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The new Starbucks Cherry Blossom Frappuccino is made with strawberries

The Cherry Blossom Frappuccino from Starbucks. (Becky Krystal/The Washington Post)

Dear Starbucks,

I'm sorry, but you've really walked into this one.

We heard about your new Cherry Blossom Frappuccino and got kinda happy because this is so on point right now, what with our own cherry blossoms hitting their peak soon. But surely the question must have occurred to someone, at some point: Shouldn't a Cherry Blossom Frappuccino be made with cherries? And not, um, strawberries?

Apparently not. Without even a hint of irony, your press release touts this "blend of sweet strawberries and cream with white chocolate sauce and matcha drizzle, topped with whipped cream and a sprinkle of matcha." All, of course, "inspired by the Japanese sakura tradition."

Sakura, by the way, is the Japanese word for "cherry tree" or "cherry blossom."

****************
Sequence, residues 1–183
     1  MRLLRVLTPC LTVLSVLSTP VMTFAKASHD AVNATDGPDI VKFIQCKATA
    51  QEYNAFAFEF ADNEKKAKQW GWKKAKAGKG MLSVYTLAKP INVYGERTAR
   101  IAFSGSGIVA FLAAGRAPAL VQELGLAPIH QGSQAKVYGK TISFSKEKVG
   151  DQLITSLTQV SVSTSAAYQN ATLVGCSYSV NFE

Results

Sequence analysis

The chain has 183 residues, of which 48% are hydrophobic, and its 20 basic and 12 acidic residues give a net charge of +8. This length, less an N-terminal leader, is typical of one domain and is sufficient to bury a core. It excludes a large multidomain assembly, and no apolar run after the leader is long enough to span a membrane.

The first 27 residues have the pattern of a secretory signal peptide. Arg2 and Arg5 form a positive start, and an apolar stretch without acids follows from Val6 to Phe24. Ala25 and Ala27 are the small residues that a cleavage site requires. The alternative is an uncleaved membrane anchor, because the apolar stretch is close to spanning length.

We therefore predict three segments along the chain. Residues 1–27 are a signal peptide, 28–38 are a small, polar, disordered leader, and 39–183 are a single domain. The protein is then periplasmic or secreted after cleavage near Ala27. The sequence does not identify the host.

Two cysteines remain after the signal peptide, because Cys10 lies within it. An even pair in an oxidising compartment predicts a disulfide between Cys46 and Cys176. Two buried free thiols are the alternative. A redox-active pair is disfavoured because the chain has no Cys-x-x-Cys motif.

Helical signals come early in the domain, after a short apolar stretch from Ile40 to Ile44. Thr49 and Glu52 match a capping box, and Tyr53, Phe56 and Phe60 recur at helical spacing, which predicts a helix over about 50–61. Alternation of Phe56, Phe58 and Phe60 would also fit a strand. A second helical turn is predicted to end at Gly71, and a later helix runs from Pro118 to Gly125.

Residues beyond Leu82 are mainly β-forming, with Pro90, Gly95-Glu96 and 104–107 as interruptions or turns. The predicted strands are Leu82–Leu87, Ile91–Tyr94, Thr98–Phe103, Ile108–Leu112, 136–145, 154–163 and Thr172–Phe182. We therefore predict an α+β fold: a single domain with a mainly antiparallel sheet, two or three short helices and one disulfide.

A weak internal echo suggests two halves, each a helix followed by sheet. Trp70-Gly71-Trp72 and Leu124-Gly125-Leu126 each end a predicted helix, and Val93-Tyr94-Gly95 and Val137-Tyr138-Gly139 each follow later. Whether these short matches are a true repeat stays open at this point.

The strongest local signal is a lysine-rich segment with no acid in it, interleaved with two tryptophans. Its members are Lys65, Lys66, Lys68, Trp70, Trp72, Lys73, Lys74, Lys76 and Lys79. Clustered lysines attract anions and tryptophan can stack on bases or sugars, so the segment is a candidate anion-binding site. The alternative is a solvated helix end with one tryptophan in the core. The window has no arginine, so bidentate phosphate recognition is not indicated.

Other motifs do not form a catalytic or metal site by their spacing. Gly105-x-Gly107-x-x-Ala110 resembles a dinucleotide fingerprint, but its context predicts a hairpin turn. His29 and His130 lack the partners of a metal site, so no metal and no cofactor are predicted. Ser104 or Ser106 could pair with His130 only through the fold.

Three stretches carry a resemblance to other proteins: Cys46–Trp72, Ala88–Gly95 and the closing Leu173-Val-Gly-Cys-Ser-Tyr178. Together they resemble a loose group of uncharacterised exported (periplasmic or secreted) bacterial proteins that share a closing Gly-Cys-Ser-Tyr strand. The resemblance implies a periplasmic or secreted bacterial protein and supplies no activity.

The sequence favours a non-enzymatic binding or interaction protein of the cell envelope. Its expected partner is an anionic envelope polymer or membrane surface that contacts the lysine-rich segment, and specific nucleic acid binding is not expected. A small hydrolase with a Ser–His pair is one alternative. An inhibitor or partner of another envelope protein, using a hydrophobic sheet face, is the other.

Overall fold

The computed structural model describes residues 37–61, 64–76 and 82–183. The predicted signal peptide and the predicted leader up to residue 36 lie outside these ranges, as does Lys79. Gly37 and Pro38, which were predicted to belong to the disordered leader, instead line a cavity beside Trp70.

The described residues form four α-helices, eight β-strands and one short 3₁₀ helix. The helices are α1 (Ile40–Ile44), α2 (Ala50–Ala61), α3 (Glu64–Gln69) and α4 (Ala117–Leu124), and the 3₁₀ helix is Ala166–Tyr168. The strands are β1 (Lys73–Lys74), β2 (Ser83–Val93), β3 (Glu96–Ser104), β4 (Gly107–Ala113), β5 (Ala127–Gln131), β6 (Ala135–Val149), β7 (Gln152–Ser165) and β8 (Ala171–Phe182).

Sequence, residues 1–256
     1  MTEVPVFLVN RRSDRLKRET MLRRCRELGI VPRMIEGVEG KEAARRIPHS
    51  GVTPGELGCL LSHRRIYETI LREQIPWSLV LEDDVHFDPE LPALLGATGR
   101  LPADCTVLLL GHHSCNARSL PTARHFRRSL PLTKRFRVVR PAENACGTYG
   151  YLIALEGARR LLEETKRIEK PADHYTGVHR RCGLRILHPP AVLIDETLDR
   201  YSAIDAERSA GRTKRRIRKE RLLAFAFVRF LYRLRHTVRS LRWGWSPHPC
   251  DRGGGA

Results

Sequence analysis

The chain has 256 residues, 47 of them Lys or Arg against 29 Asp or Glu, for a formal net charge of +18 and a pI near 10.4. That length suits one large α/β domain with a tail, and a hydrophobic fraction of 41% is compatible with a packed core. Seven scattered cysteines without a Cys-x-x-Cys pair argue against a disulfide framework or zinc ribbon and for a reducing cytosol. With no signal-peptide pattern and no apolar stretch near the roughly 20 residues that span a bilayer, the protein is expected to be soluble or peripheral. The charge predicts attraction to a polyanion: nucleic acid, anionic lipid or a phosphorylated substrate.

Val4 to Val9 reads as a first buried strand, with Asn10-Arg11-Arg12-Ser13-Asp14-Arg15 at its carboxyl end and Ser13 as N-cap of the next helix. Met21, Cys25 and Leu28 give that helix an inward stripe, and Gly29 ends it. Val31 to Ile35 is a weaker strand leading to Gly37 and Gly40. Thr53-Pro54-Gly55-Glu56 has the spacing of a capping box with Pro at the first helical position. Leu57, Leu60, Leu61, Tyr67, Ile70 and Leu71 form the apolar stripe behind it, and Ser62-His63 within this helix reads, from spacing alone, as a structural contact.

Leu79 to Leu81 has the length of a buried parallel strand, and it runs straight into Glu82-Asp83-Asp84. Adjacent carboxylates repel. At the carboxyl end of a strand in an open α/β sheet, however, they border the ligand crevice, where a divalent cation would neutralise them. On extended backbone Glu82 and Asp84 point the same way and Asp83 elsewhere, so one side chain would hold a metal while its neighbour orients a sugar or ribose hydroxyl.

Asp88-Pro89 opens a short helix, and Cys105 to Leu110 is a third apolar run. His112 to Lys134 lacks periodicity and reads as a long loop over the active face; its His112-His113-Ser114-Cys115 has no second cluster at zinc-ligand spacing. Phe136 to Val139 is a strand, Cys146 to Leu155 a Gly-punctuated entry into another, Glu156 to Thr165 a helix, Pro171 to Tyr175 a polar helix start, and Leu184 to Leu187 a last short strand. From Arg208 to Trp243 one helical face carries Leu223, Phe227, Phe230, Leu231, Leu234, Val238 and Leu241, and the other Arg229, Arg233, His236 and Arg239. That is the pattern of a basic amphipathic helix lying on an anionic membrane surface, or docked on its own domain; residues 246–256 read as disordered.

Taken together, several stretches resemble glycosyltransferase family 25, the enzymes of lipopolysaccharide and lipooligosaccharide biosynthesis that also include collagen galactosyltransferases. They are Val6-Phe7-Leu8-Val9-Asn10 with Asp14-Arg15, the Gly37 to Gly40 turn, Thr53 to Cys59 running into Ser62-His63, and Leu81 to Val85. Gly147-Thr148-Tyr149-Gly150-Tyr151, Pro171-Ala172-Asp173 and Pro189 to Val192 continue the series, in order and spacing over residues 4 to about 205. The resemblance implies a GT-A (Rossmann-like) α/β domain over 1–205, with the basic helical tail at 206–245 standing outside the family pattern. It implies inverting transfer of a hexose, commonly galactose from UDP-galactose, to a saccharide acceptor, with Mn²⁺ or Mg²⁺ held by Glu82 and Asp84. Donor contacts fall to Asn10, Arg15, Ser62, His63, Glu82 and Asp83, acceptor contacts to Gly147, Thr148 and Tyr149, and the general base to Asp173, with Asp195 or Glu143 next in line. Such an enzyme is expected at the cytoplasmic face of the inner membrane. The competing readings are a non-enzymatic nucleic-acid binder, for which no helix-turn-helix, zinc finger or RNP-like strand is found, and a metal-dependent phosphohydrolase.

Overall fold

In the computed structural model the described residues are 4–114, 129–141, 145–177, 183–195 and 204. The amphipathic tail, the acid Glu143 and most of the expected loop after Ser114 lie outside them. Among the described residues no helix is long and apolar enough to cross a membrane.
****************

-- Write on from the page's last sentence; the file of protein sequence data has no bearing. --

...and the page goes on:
OK, OK, I get it. It's not cherry season, the blossoms being the precursor to the fruit, after all. But it isn't really strawberry season now, is it?

Me? I buy my frozen cherries (pitted and everything!) at the local Harris Teeter. I've made a pretty mean syrupy sauce with nothing other than straight-from-the-freezer cherries, sugar, cornstarch and a bit of almond extract. Maybe you couldn't go to that effort. I would even have given you a pass had you at least settled for maraschino "cherries"!

But no, you are basically selling a tarted up version of your very sweet Strawberries & Creme Frappuccino. The whole concept rightfully confounded my hapless barista, who was trying to figure out what the cherry component was when her colleague informed her it was made with the strawberry base. I don't think my order came with the promised mocha drizzle, which seeps a nefarious-looking green swirl into the pale pink beverage in your promo image. Just as well, though. The heavy dose of matcha powder coating our equally heavy swirl of whipped cream looked and tasted more like powdered wasabi than green tea.

I apologize if it sounds like I'm picking on you. I am. But if you're not going to do it right, why do it at all? I'll be happy to see this blossom fade on Sunday.



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